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Black History Month

Honoring Black History Month

Lift Ev'ry Voice and Sing

"The Black National Anthem", by James Weldon Johnson

Lift ev'ry voice and sing,
Till earth and heaven ring.
Ring with the harmonies of Liberty;
Let our rejoicing rise,
High as the list'ning skies,
Let it resound loud as the rolling sea.

Sing a song full of the faith that the dark past has taught us,
Sing a song full of the hope that the present has brought us;
Facing the rising sun of our new day begun,
Let us march on till victory is won.

Stony the road we trod,
Bitter the chast'ning rod,
Felt in the days when hope unborn had died;
Yet with a steady beat,
Have not our weary feet,
Come to the place for which our fathers sighed?

We have come over a way that with tears has been watered,
We have come, treading our path through the blood of the slaughtered,
Out from the gloomy past,
Till now we stand at last
Where the white gleam of our bright star is cast.

God of our weary years,
God of our silent tears,
Thou who has brought us thus far on the way;
Thou who has by Thy might,
Led us into the light,
Keep us forever in the path, we pray.

Lest our feet stray from the places, our God, where we met Thee,
Lest our hearts, drunk with the wine of the world, we forget Thee,

Shadowed beneath thy hand,
May we forever stand,
True to our God,
True to our native land.


Black History Resources

African American History Month
Black History Group, Biography.com
Smithsonian Black History Teaching Resources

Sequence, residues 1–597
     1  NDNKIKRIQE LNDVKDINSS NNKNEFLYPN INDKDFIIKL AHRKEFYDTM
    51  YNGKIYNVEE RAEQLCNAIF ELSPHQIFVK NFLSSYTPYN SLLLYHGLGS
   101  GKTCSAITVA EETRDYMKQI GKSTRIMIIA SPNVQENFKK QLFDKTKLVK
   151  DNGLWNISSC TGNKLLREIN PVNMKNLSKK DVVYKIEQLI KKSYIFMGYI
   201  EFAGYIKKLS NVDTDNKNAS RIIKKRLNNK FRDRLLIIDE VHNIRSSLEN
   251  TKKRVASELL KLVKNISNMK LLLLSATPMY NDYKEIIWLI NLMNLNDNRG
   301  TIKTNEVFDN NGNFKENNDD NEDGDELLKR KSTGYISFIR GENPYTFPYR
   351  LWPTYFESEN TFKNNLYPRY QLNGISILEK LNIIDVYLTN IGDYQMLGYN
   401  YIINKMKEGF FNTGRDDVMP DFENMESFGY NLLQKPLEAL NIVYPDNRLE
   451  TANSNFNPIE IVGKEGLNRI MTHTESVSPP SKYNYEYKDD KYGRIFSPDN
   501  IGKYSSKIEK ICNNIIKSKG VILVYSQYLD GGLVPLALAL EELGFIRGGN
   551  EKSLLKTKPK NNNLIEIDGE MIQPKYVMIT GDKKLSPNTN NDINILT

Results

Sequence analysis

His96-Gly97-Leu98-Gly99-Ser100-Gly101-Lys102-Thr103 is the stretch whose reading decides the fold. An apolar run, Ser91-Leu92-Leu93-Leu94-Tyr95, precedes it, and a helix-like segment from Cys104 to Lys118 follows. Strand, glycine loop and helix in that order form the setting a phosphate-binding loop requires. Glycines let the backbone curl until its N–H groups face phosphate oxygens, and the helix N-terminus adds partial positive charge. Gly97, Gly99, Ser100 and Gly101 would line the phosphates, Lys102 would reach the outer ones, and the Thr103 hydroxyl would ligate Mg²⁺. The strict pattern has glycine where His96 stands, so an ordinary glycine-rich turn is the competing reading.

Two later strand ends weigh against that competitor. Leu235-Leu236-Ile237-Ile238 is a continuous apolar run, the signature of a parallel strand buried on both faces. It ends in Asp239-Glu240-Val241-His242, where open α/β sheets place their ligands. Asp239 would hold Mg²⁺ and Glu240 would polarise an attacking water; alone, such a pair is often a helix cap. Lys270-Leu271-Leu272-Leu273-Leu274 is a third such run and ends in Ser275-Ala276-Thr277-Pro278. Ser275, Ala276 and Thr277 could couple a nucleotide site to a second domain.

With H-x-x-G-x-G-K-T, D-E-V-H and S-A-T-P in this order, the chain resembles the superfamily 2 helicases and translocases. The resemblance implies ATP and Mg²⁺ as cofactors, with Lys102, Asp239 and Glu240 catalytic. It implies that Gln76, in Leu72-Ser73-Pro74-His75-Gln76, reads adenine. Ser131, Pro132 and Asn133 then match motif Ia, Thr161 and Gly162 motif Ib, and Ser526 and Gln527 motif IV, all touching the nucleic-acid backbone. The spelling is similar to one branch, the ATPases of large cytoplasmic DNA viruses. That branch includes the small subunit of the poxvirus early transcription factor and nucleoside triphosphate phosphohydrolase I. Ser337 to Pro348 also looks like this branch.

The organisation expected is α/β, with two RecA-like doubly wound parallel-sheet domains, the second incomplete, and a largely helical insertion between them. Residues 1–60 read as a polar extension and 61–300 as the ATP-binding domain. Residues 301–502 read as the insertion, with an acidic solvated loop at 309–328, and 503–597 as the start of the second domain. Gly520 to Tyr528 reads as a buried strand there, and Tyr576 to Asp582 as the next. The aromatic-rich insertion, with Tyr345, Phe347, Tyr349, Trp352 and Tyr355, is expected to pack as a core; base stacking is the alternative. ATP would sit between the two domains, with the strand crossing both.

Black History Month Lessons & Resources, NEA
History Channel, Black History Month
 

“As to racial prejudice, the corrosion of which, for well-nigh a century, has bitten into the fiber, and attacked the whole social structure of American society, it should be regarded as constituting the most vital and challenging issue… The ceaseless exertions which this issue of paramount importance calls for, the sacrifices it must impose, the care and vigilance it demands, the moral courage and fortitude it requires, the tact and sympathy it necessitates, invest this problem… with an urgency and importance that cannot be overestimated. White and Negro, high and low, young and old… must participate in, and lend their assistance, each according to his or her capacity, experience, and opportunities, to the common task… Whether colored or noncolored, neither race has the right, or can conscientiously claim, to be regarded as absolved from such an obligation, as having realized such hopes, or having faithfully followed such an example. A long and thorny road, beset with pitfalls, still remains untraveled, both by the white and the Negro…”  —Shoghi Effendi, Advent of Divine Justice

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